A former Missouri teacher has been sentenced to 12 years in prison for attempting to purchase a deadly chemical weapon on the dark web as part of a plot to kill a woman who broke up.
Jason Siesser, 46, of Columbia, got his sentence in Jefferson City federal court on Tuesday, prosecutors said in a press release.
In August, Siesser pleaded guilty to one attempt to obtain a chemical weapon and one time to aggravated identity theft.
Former Missouri teacher Jason Siesser, 48, was sentenced to 12 years in prison after pleading guilty to attempting to obtain a chemical weapon and aggravated identity theft
Researchers said Siesser tried twice in 2018 to buy chemical dimethylmercury, which can kill hundreds, using Bitcoin on the dark web.
Siesser said to the seller, “I plan to use it shortly after receipt.”
He is accused of placing the order in the name of a young person in his care without permission, but authorities said he was the person who accepted the package he believed contained the chemical when it was delivered.
Authorities said the amount Siesser was looking for would have been enough to kill as many as 300 people.
Law enforcement officers executed a search warrant after delivery of the package, which contained a harmless inert substance.
Investigators found the package on a shelf in Siesser’s garage, as well as previously shipped packages containing the toxin cadmium arsenide, a poisonous substance that can be deadly if swallowed or inhaled; cadmium metal and hydrochloric acid.
Siesser lived and worked in this youth group home in Columbia, Missouri, using a young person’s identity to order the deadly chemical
A search of Siesser’s house had resulted in writings prosecuting for his heartbreak, anger and resentment over a breakup, and a longing for the person who caused the grief to die.
“They say I should let it go, but my hatred is just too strong,” Siesser wrote, according to an affidavit. “Letting go of anger is the right thing, but I feel so strong I dream about your ending. You burn in flames. You choke on your own blood. Your soul is completely empty. ‘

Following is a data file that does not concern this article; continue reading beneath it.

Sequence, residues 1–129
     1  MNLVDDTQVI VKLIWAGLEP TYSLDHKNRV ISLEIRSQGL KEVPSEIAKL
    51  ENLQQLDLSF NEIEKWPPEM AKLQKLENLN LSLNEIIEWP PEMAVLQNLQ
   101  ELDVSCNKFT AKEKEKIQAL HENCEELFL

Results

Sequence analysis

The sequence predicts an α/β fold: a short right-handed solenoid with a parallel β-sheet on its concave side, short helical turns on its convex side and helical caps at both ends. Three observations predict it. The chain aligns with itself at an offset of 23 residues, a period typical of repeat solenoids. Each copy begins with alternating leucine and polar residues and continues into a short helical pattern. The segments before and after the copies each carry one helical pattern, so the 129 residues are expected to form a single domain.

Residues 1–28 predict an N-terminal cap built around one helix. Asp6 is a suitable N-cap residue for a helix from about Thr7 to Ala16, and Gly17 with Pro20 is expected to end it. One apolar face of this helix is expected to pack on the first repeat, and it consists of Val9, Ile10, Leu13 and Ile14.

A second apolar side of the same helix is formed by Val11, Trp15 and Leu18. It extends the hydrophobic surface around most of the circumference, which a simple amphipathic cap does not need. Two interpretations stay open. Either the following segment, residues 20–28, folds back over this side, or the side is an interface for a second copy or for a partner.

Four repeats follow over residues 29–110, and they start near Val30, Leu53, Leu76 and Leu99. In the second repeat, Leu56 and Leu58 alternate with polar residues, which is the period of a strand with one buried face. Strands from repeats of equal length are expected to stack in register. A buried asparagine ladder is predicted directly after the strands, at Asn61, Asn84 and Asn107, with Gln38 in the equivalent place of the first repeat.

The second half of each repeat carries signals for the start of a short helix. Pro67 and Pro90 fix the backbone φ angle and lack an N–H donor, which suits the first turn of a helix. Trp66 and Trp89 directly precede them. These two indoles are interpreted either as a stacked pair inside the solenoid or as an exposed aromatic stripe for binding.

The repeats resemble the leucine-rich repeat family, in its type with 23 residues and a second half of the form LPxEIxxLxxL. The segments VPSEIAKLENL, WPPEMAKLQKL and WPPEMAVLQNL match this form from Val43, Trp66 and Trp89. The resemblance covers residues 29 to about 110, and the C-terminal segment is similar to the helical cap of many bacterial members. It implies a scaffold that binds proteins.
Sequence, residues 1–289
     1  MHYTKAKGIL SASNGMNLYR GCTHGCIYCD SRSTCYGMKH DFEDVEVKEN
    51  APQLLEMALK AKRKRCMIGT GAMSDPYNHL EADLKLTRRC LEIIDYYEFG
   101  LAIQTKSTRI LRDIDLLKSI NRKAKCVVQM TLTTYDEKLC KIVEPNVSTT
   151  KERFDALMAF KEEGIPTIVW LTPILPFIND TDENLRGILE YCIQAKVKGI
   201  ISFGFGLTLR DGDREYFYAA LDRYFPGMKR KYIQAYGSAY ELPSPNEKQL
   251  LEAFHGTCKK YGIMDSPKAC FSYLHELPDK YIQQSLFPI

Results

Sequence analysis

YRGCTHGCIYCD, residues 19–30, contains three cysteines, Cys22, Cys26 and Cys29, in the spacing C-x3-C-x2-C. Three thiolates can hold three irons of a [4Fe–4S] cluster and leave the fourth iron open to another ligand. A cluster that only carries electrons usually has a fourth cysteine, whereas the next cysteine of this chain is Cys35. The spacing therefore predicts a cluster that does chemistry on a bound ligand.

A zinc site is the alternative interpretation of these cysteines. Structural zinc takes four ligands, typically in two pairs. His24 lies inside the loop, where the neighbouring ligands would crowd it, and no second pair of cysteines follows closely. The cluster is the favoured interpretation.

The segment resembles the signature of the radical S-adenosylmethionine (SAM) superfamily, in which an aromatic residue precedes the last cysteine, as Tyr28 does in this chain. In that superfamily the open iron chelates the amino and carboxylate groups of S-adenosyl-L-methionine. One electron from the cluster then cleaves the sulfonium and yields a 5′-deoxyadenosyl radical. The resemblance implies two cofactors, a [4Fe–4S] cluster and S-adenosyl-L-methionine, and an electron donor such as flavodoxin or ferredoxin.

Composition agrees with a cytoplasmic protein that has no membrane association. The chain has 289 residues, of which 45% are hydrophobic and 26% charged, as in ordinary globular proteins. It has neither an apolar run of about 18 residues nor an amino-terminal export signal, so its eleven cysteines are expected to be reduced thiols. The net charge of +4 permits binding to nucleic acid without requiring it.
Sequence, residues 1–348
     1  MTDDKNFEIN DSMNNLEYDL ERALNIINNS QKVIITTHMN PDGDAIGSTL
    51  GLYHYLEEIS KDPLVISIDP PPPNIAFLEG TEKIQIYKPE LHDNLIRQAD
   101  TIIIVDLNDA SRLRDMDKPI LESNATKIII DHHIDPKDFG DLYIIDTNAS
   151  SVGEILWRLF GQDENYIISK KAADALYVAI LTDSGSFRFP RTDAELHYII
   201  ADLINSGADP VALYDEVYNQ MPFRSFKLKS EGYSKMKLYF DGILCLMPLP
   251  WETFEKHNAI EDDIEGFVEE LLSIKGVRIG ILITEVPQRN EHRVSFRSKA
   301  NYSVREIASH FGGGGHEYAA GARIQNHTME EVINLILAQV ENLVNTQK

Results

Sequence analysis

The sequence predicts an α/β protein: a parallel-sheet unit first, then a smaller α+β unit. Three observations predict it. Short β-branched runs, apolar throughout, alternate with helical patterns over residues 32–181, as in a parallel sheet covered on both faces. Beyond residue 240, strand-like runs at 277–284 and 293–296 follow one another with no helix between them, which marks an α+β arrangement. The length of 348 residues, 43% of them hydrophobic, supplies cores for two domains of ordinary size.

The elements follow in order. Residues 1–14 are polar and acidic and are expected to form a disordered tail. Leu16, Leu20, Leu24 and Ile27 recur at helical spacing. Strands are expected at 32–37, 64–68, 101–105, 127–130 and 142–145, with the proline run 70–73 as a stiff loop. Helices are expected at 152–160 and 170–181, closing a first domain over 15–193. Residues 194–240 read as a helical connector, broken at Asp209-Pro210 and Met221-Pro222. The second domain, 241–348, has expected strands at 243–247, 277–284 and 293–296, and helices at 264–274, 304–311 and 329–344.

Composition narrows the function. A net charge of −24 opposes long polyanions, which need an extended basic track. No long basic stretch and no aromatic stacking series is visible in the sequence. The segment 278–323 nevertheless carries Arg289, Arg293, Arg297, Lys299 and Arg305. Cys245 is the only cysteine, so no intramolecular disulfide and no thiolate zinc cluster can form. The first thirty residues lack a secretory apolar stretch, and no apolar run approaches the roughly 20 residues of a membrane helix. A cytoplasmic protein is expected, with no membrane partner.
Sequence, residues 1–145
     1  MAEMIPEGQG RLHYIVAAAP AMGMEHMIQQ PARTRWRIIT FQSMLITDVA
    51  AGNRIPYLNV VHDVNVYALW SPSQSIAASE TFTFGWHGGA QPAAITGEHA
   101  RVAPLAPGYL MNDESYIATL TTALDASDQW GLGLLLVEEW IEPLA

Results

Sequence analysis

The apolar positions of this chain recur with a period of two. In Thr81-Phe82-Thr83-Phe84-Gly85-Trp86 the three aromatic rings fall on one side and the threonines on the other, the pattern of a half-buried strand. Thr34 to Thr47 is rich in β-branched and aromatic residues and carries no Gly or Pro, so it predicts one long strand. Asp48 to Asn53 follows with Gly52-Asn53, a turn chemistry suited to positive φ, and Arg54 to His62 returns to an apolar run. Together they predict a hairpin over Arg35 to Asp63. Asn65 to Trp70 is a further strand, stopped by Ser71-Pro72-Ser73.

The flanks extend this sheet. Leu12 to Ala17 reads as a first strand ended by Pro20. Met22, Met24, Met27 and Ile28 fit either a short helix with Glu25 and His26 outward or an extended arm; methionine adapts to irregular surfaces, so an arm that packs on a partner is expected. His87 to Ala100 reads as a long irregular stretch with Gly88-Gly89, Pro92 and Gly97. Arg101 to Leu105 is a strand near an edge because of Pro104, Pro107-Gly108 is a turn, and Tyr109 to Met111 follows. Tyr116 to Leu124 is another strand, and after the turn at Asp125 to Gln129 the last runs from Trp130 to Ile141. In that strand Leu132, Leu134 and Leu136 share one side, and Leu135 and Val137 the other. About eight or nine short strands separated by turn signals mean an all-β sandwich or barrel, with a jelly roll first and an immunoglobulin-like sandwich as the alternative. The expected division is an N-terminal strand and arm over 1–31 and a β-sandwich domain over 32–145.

In another note, he wrote in part: “Our early ending was all wrong. You threw me out like garbage, but look how I got strong … The darkness that consumes me will one day overflow. You were there to teach me something I already knew. Now it’s my turn to teach you a lesson full of pain. Your life has been forfeited, washed away. ‘
According to the prosecuting documents, Siesser had two relationships with women that left him heartbroken.
Siesser was married to a woman and lived with her in the Netherlands until 2012. After years of separation, Siesser and his wife divorced in 2017 when he met another woman in Columbia, Missouri.
When federal agents raided Sister’s home, they found writings expressing heartbreak, anger, and resentment over a breakup
Although they only had three dates, Siesser felt a strong connection with his new girlfriend, and when she ended the relationship with him suddenly, Siesser was depressed for six months and sought advice.
The affidavit states that Siesser wrote fictional stories about men seeking revenge on ex-girlfriends. In one story, a man used a fertilizer spreader to string a woman’s garden with asbestos, which ultimately killed her decades later. In another story, a man locked a woman in scuba gear in a submerged box so that she would die if her oxygen tank was empty.
The youngster, whose name Siesser used to buy the toxic chemicals, revealed in an interview with federal agents that the man had told him he wanted to “ become a hitman and kill those who wronged him in the past, ” including his ex-wife. . and others.’
Prosecutors had previously said they did not believe a public attack was planned.
Siesser’s attorney told the New York Times that the 48-year-old, a former teacher and had served in the military, struggled with mental health issues and expressed regret.
A LinkedIn page associated with Siesser revealed that he served in the US military for four years, later worked in customer support in the Netherlands, and recently taught social studies at a high school in Higbee, Missouri.